Natalie Gomez, AF Energy Supply Management Specialist
Nuclear power has been the subject of widespread debate in the ‘green’ energy arena. It is a divisive topic and whilst critics say it is too expensive, creates radioactive waste and poses a security risk, supporters argue its reliability and efficiency make it the way forward.
To learn more about this key source of power, electricity supplier EDF gave your AF Energy team an educational tour of Sizewell B nuclear power station on the Suffolk coast in February 2022.
Getting past security
For security reasons we all underwent background checks before we could visit Sizewell B. When we arrived, we passed through airline style security and had to ensure that we left everything in the car, even phones and fitness watches.
Once we were in the building our guide Claire settled us in a classroom to complete some essential health and safety paperwork. By this stage we were all starting to realise the magnitude of what was happening at Sizewell. Paperwork completed and safety instructions issued, the educational part of the day began.
A physics lesson
The tour started with Claire giving us an explanation of what the nuclear reactor is and how it works.
Sizewell B’s reactor is fuelled by uranium pellets. The reactor can hold over 18 million pellets, with each one containing the same amount of energy as 800kg of coal. It generates nuclear power by using radioactivity to split uranium atoms in a process called fission. Nuclear fission is based on natural processes such as the biological fission of living cells. Nuclear fission creates a huge amount of heat and this is used to power Sizewell B.
The next stage in the process is that water is heated using the power from the nuclear fission to create steam. This steam is transported through Sizewell’s network of pipes that in turn heat up and cool the steam as it travels. Water from the North Sea is used for this cooling process. Eventually the steam enters two enormous turbines. A high temperature of 282 degrees Celsius creates the right amount of steam at the right pressure to turn the turbines. Each turbine uses over 1 tonne of steam per second to generate 630 megawatts of electricity.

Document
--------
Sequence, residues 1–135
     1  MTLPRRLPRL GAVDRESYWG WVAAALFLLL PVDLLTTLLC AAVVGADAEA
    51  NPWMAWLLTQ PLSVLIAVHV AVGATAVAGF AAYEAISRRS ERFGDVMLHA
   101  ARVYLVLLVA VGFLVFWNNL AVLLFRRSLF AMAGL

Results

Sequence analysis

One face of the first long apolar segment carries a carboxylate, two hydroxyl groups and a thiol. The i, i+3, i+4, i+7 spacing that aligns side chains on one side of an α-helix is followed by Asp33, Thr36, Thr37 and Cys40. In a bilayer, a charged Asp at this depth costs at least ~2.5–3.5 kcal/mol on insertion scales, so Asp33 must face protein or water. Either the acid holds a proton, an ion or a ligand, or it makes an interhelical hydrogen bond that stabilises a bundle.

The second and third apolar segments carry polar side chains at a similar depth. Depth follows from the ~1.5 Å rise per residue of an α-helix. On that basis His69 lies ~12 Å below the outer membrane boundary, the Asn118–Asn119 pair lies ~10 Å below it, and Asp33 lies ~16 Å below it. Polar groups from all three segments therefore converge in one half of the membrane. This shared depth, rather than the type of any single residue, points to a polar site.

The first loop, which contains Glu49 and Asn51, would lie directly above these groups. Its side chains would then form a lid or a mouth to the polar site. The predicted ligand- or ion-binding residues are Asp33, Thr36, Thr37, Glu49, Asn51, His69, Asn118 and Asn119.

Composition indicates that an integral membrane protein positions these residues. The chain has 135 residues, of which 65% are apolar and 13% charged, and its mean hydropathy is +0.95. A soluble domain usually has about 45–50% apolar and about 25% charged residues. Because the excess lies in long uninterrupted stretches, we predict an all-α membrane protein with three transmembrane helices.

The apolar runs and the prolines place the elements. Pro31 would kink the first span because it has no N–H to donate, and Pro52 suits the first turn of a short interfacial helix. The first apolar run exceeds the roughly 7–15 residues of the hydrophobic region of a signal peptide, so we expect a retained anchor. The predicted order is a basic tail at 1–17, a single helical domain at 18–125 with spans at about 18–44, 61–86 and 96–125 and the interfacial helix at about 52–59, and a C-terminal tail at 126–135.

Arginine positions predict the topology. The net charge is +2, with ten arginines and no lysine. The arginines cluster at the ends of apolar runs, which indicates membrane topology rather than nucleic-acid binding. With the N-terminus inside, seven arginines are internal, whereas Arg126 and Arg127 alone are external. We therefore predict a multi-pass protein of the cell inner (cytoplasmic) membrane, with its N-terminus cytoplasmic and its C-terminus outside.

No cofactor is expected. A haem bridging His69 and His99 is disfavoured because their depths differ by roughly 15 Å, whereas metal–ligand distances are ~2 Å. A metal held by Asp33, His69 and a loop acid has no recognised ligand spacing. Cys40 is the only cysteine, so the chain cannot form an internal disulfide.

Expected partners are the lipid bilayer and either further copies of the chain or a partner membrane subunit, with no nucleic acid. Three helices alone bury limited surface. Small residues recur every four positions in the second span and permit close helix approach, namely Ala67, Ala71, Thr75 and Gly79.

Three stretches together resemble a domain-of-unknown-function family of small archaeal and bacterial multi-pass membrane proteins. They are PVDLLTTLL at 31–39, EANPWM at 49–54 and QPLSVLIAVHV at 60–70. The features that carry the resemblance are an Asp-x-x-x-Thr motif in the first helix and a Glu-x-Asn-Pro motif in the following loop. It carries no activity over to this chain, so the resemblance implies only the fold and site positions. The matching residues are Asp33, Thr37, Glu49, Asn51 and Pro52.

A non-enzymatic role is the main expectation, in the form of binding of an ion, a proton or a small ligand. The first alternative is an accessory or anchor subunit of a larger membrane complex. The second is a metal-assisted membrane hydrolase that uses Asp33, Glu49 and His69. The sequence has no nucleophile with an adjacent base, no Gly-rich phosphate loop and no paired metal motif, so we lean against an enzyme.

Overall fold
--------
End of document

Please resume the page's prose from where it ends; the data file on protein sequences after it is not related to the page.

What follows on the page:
The whole process uses 3 million litres of water every minute. Sizewell B has 3 completely separate water loops:
- The 1st loop is kept under extreme pressure to allow the boiling point to be increased. This is heated up using the heat of the reactor to create a large “kettle”. This water is so purified that it would be harmful to drink as it nutrients from your body.
- The 2nd water loop from the kettle is turned into steam to move the turbines then converted back into water. Again this water is as purified as the 1st loop.
- The 3rd loop is pumped form the cold North Sea to cool the steam. It is returned to the ocean after being filtered for any radioactivity.
Out of the classroom
We were issued with PPE including a hard hat, ear defenders, safety glasses, gloves and a hi vis jacket. We were relieved that they weren’t taking any chances!
We visited the buildings where different parts of the power generating process took place. We also met the teams that worked on each stage and were taken into the turbine hall where we were allowed to see and touch the outside casing of the turbines. The noise from the rotating blades was deafening and we were glad of the ear defenders.
We were fascinated to learn about all safety procedures that are in place:
- 4 separate engines to power the cooling system for the reactor in case of an emergency;
- a 1.5 metre thick concrete wall lined with a steel mesh to protect the reactor from any external attack;
- the permanent presence of firefighters as well as armed police, medical and mental health staff;
- an additional team of staff located a few miles away from site with vehicles capable of reaching Sizewell across the surrounding fields in case of an emergency.
We were left in no doubt as to how tightly regulated, managed and secured this nuclear power station is.
The radioactive topic of waste
Radioactive waste, a by-product of the nuclear power process, is one of the most controversial topics. What we didn’t know before the tour was that virtually all of Sizewell’s waste is processed on site. Because it is so dangerous, it is kept in a fuel storage point for a number of years before being transferred to casks. It is then kept on site for a further 100 years before being moved to an underground repository.
Some final fascinating facts
- Sizewell B first synchronised with the National Grid on 14th February 1995.
- In 2020, it produced enough electricity to power 2.3 million homes. That’s enough to power all of Norfolk, Suffolk, Essex and part of Cambridgeshire or take 1.3 million cars of the road for a year.
- The turbines rotate at twice the speed of sound.
- There are over £55 million of spare parts on site at any time.
- The site has a deluge system, not a sprinkler system. It can deliver 8,000 litres of water in case of a fire.
- The process of drawing water from the North Sea means fish are caught. 87% of these are returned live to the sea.
The visit was extremely educational and it was a fantastic opportunity for us to learn more about how our Members’ power is produced.
Would you like to talk to us about your energy requirements? Get in touch with your AF Energy team by emailing firstname.lastname@example.org or call 01603 881910.